Third Symposium. Light and Darkness: Jyoti Singh Pandhey and the Question of Justice

By · 25 October 2013

Tara Atluri’s paper titled ‘Light and Darkness: Jyoti Singh Pandhey and the Question of Justice’, presented at the third Oecumene symposium, examined the Delhi gang rape case, and the protests, changes in legislation and debates regarding gender it triggered in India and transnationally. Through looking at Foucault’s interpretation of space, Atluri’s paper looked at the space of commemorating gang rape and how the case was interpreted, examining it within a larger context of Orientalism and its relationship to conceptions of political subjectivity, agency and constructions of the figure of “the citizen”. 

Atluri’s paper explored how discourses of speaking for the oriental woman, the latter being denied agency to author her own experience, become transformed into discourses of protecting the oriental woman, authored instead by male elites. Taking into consideration as well the discourses on citizenship suggesting that only the occidental city can be called a ‘city’, Atluri discussed how gendered orientalism left little room for the oriental woman to become a citizen. Atluri added that even with increased urbanisation, women are still denied the simple pleasures of having safe access to public space like the city, due to the ideological domestication of women’s sexual and political positions, and the discourses of protectionism that prevent them from accessing certain public spaces. The Oriental woman in that sense is again invisible and only partially recognized as a citizen through her domestic role in the home as an object exchanged in alliances of male property owners. 
Atluri then examined Jyoti’s case through discourses on nationalism, exploring how women’s bodies have been used to demarcate borders of nation states through sexualised torture, and how rape acts as a microcosm of nationalist acts of torture. Drawing on comparisons with the civil rights and black feminist movements in particular, Atluri also looked at how women’s bodies and female sexuality have always played a contentious role in political movements. The paper finally examined the increasing politicization of young Indian people in India, which protests like those against the rape of Jyoti Singh symbolized, and the increasing politicization of the public sphere. The paper concluded that undoing orientalism and imagining citizenship must begin with the story of Jyoti; in order to imagine citizenship after orientalism, and unlearn how the citizen has been understood, gender, as it is normatively understood through colonial moralities, must also be reconsidered.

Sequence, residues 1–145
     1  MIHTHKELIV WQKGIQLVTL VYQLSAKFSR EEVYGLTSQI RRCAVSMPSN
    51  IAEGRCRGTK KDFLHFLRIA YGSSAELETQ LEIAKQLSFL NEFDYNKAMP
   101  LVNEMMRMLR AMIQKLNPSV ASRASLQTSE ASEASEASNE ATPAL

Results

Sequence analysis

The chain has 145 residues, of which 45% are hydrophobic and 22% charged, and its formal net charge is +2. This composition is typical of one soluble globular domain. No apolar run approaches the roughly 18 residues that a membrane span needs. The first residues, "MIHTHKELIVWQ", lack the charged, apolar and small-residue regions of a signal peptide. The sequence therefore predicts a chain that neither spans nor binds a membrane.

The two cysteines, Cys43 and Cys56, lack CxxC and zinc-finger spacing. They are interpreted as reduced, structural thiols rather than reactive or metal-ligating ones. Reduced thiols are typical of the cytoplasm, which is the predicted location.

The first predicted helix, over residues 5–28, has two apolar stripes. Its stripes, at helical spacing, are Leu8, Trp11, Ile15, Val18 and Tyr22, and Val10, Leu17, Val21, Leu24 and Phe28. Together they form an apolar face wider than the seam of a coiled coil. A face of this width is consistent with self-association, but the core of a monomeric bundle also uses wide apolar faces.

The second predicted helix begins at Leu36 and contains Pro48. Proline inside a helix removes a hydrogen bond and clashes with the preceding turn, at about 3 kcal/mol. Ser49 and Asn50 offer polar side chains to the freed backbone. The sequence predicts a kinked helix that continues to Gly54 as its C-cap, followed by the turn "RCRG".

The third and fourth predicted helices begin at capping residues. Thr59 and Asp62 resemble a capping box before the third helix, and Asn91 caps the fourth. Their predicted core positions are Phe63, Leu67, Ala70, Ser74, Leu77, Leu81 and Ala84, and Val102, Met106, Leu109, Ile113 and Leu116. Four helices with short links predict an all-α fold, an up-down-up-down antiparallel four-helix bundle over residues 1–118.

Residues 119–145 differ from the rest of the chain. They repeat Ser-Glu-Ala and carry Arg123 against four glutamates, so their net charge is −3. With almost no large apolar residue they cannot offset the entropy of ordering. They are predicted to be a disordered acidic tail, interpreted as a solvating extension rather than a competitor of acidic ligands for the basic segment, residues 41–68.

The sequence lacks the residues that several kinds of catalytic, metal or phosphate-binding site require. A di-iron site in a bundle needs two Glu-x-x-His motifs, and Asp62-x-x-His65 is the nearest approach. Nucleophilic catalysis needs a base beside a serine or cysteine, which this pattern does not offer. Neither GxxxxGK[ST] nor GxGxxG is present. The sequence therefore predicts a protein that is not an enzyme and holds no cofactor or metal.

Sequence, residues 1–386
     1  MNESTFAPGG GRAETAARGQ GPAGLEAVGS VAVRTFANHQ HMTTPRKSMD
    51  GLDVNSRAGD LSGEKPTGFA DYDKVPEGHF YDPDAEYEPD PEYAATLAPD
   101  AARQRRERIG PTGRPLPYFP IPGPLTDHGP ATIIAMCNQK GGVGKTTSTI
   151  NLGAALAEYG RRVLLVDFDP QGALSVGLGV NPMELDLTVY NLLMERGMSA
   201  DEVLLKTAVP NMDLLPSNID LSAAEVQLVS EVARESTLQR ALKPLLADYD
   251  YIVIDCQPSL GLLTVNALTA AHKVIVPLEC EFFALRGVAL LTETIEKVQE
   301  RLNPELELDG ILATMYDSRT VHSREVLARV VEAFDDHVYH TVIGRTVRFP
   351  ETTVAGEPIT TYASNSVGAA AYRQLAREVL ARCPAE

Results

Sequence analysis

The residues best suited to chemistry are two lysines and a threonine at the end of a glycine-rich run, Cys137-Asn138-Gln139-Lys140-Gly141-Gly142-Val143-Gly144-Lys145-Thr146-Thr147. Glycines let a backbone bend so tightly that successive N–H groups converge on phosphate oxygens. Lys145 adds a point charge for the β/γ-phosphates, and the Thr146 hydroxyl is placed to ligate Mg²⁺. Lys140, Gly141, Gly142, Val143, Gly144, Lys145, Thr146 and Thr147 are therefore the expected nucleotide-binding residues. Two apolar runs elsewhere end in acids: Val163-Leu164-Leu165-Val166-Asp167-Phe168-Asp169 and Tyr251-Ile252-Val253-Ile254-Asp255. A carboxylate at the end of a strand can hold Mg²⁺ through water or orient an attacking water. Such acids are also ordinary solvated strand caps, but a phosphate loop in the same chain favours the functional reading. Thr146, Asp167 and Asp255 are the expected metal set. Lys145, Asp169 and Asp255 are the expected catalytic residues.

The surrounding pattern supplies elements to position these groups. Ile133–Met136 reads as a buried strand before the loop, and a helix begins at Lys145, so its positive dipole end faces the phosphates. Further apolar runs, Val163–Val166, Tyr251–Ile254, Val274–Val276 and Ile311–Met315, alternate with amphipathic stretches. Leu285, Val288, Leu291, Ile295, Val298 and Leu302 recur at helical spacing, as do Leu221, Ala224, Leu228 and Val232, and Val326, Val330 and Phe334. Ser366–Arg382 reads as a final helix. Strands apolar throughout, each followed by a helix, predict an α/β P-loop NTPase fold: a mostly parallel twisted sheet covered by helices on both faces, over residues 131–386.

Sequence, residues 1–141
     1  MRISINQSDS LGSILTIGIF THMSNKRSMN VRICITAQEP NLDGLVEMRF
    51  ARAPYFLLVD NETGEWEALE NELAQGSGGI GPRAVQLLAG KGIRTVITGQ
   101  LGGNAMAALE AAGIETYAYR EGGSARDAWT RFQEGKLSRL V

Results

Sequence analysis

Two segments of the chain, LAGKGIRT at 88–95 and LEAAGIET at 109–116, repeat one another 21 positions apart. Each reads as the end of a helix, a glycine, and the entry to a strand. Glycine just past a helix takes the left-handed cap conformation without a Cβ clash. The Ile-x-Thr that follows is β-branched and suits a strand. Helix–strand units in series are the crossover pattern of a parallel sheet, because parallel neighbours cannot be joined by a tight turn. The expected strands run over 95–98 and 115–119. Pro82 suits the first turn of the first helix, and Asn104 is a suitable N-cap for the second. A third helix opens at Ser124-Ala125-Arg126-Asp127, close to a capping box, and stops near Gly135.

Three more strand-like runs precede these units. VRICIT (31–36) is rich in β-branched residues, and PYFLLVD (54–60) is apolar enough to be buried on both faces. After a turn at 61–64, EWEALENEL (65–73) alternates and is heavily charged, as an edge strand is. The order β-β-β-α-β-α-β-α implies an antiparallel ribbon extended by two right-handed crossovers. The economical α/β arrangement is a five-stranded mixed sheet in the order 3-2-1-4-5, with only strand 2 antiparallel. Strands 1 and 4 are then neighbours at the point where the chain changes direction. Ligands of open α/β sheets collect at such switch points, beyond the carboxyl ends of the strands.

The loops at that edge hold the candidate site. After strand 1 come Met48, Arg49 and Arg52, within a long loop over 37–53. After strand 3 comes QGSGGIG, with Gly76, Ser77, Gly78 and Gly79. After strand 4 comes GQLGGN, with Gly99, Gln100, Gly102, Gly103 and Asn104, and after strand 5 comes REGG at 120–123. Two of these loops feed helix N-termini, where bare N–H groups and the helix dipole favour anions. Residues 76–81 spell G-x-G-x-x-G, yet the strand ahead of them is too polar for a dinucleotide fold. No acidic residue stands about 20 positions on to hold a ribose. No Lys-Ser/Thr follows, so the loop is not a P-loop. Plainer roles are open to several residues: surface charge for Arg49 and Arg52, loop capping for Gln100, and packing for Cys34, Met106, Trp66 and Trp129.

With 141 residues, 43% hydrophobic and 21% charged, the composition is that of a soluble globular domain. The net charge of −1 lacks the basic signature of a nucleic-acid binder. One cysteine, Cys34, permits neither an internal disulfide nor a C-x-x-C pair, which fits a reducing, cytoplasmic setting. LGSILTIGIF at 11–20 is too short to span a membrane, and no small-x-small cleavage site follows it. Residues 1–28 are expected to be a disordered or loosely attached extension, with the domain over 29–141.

Rahul Rao (SOAS, University of London) responded by picking up on the paper’s focus on space, and the distinction often made between space and time, suggesting that time and space are not separate. He elaborated by explaining that the spacialisation of time occurs in the sense that daytime is a safe place, while night-time is not a safe space, while the temporalisaiton of space also occurs when ‘they’ are represented as how ‘we’ once were; ‘they’ are ‘our’ past, and ‘we’ are ‘their’ future. He also suggested that space can have different dimensions, such as absolute space, imagined space, memory and space, and private and public space.
Melissa Butcher (Open University) responded by noting several issues and tropes that stood out from the paper: the issue of class and its role in the reproduction of orientalist discourse, the relationship of gender and orientalism, thinking of or defining urban space and access to it, the nature of protests, and the issue of silence. Further to Rao’s comments on time and temporality, Butcher elaborated that all these issues are framed within past, present and future imaginaries, and that we must tease out orientalist notions of women as bearers of tradition. She elaborates that women are fixed in the past, and Jyoti for example represents both tradition and modernity. 
Further questions emerged from the participants’ discussion. Pablo Mukherjee (University of Warwick) suggested three important questions that the paper triggered in relation to key shaping issues to Jyoti’s crime: what kind of city are we talking about? What kind of mobility? And what kind of state? Marie Beauchamps (University of Amsterdam) asked about the process of politicisation that the paper discussed: What is the political? Is it only the visible protests? What about invisible forms of protest? And how can we think about the political in different ways? Leticia Sabsay (Open University) asked more broadly: how are similar crimes taking place in other places where orientalist mechanisms are not in place? She also suggested that some of the key issues to the paper are how the media constitutes the case as a gendered space, its international reception, and the way it creates the victimization of a particular subject. Zaki Nahaboo (Open University) concluded with the broader and more challenging questions: is orientalism changing? And what is the relationship between neoliberalism and orientalism? 
Report by Dana Nassif
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Oecumene: Citizenship after Orientalism is funded by an European Research Council (ERC) Advanced Grant (Institutions, values, beliefs and behaviour ERC-AG-SH2).

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